So what’s new about Google’s search results? ‘Google Search on desktop looks a little different today,’ announced Google's Jon Wiley on his blog on March 12, 2014
‘We've increased the size of result titles, removed the underlines, and evened out all the line heights. This improves readability and creates an overall cleaner look. We've also brought over our new ad labels from mobile, making the multi-device experience more consistent.'
What do these changes mean for copywriters?
While these changes do not affect the actual content itself or ranking, they do affect how your site appears in the search results page:
There's now a lower character limit for page titles. It looks like Google is restricting page title length by the physical/pixel width of the space rather than a character count.
For example, in the search pictured for ‘Ladybird book’, the page title fits nicely in the old version:
But in the new style you get something truncated, with potentially a key piece of information missing (BBC.com):
You can see how this might affect your carefully worked titles. You'll have to make sure your page titles are shorter, snappier and well-written to attract your audience – particularly as there's now also no underlining to draw the eye to the link.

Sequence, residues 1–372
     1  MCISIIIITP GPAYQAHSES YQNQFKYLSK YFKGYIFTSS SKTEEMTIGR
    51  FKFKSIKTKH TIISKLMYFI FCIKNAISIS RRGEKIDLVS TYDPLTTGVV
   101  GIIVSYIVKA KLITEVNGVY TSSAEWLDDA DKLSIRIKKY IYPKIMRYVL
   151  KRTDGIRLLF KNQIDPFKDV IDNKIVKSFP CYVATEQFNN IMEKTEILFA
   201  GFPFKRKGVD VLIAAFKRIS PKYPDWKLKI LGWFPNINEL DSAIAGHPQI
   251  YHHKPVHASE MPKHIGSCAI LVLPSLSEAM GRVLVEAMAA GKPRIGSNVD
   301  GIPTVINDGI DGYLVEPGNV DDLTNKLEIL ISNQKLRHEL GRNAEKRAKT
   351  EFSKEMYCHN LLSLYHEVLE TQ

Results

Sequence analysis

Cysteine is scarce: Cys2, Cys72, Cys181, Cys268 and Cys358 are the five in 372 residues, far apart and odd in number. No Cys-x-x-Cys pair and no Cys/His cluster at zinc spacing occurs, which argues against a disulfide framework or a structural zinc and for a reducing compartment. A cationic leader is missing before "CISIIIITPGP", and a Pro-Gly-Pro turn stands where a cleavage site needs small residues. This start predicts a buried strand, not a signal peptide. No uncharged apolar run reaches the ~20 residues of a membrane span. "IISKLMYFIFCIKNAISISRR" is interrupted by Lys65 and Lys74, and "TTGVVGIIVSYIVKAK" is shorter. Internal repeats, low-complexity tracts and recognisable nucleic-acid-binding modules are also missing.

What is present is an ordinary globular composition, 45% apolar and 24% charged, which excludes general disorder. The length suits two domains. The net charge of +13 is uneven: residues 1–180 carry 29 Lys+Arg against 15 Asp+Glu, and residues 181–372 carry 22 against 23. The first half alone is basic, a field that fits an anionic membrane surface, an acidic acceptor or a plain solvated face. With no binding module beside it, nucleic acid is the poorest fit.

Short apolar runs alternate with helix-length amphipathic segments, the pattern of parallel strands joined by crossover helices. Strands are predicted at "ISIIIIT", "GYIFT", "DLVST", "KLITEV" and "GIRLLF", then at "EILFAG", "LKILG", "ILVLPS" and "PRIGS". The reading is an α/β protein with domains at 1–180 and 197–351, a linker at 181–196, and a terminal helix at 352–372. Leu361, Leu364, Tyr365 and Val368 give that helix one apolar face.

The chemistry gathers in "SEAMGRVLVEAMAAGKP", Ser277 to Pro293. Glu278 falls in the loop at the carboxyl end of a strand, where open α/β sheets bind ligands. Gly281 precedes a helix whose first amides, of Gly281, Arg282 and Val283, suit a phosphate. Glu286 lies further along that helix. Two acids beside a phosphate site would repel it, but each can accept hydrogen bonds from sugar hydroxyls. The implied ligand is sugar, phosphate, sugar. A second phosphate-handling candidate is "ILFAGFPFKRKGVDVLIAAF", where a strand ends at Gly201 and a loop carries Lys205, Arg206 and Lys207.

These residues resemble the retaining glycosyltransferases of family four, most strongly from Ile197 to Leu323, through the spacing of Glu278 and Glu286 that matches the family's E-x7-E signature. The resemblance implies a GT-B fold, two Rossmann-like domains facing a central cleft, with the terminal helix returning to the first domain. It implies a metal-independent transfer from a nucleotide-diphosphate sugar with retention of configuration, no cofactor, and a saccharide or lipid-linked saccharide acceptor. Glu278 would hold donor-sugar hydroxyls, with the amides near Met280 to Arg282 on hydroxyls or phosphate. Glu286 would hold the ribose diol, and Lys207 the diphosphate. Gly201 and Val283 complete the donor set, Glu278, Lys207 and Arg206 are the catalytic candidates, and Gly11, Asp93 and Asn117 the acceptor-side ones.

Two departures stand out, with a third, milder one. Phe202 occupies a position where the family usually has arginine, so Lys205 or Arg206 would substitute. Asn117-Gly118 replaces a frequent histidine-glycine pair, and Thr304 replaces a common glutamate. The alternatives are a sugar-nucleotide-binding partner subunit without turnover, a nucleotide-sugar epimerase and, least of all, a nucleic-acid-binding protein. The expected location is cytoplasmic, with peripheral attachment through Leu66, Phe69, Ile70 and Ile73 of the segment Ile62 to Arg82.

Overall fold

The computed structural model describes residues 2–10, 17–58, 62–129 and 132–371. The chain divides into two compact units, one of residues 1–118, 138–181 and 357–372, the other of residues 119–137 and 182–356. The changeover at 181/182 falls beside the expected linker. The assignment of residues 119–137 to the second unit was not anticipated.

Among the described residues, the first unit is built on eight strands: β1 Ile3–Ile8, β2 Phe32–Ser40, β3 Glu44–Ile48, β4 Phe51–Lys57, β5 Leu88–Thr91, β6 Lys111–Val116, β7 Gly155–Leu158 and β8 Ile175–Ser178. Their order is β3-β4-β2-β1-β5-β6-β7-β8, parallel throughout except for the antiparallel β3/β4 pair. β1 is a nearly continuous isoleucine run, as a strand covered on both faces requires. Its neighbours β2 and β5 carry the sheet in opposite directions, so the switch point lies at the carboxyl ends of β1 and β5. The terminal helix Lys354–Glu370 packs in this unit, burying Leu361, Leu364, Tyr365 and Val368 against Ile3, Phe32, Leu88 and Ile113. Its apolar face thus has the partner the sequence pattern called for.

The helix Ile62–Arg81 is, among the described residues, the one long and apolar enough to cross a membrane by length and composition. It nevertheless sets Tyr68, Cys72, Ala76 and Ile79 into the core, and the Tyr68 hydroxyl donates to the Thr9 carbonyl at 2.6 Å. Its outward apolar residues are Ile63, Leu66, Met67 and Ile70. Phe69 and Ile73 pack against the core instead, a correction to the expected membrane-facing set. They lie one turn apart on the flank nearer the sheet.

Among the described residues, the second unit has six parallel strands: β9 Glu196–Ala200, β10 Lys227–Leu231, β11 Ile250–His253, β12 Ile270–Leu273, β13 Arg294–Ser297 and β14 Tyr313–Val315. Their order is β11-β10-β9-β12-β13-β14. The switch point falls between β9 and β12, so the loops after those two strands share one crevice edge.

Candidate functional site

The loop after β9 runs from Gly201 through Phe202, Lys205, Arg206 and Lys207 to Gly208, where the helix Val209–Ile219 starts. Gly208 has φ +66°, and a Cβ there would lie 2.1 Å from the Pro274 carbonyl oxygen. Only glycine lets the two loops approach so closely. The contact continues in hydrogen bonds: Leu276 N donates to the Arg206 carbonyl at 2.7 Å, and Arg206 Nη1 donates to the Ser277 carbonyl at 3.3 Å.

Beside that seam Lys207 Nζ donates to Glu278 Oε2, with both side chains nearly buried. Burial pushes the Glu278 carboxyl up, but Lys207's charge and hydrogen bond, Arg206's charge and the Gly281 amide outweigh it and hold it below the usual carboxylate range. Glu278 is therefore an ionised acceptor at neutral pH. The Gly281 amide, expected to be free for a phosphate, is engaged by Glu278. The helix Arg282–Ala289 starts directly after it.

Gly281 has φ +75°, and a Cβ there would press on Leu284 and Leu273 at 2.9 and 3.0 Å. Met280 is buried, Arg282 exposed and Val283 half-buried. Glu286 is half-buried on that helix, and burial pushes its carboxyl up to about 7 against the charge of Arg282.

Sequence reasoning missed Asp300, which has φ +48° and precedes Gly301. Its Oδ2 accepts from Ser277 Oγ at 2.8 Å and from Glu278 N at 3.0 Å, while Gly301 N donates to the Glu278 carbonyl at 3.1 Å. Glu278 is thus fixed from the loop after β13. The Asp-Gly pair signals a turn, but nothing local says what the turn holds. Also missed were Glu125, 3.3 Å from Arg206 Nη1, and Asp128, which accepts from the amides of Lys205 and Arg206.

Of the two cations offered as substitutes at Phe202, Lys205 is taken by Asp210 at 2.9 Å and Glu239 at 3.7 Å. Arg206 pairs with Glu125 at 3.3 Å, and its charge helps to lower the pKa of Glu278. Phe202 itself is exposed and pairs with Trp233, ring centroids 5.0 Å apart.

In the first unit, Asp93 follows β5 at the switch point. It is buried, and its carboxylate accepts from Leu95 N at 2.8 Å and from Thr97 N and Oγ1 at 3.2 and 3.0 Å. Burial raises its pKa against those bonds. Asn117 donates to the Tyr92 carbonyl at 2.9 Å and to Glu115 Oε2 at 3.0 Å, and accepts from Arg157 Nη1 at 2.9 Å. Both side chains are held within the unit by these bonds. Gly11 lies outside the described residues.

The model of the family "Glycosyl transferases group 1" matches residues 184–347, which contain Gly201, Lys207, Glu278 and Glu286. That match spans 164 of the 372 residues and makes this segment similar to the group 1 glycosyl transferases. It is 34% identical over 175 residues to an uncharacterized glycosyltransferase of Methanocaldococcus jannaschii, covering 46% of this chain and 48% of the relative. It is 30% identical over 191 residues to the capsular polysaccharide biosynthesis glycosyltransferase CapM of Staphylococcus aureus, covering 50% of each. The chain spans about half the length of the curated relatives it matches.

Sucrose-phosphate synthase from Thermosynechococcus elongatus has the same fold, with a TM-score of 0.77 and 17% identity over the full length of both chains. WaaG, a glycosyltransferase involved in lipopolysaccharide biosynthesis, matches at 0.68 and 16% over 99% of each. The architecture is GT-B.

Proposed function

To be on the safe side, we would advise that you keep your page titles to 50 characters as a rule of thumb. This means that even if you've spent time before carefully crafting your page titles so that they aren't truncated on the results page, you'll now need to go back and check them all again.
While the spacing around meta descriptions has changed, with more white space between the lines, the character count has remained similar – so make sure your meta-descriptions are under 155 characters.
If you've got international sites there’s an extra challenge, especially for languages like German. See Twitter user @InstantAtlas's comparison of the same search result with the page title in English, Italian and German.
What of the future?
Google seems to be increasingly focusing on mobile devices – and this implementation is all about bringing the desktop experience more in line with mobile. So designing and writing for mobile and responsive/adaptive formats should be at the top of your agenda if it isn't already.
What also seems certain is that these changes are unlikely to go away.
True, the changes were met with complaints from some seo experts and marketers, who missed the underlining or found the spacing harder to read. But others liked the additional white space, and anyway Google has been testing the new layouts over a few months with millions of users. So the grumbles of a few, however vociferous, are unlikely to sway the implementation.